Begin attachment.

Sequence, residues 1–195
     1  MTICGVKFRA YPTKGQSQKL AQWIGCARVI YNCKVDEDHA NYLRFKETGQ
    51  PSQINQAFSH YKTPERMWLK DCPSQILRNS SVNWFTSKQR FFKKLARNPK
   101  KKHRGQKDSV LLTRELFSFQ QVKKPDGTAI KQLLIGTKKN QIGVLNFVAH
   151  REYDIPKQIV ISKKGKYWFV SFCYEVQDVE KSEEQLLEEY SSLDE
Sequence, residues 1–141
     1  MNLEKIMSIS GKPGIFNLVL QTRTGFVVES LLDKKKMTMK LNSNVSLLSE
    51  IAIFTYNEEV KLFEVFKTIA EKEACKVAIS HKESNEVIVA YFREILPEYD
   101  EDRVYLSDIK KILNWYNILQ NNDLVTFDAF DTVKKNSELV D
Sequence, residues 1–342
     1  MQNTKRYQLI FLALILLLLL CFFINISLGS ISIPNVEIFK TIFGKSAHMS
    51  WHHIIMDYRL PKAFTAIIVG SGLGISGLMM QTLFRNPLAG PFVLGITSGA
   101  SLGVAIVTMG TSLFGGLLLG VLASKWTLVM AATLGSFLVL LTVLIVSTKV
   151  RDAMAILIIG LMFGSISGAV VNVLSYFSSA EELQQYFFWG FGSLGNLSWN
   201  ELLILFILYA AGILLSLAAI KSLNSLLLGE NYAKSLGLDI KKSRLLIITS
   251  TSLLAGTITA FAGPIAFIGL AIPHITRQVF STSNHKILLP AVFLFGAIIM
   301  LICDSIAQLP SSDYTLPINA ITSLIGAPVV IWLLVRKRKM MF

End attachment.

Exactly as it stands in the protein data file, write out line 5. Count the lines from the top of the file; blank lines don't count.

   151  REYDIPKQIV ISKKGKYWFV SFCYEVQDVE KSEEQLLEEY SSLDE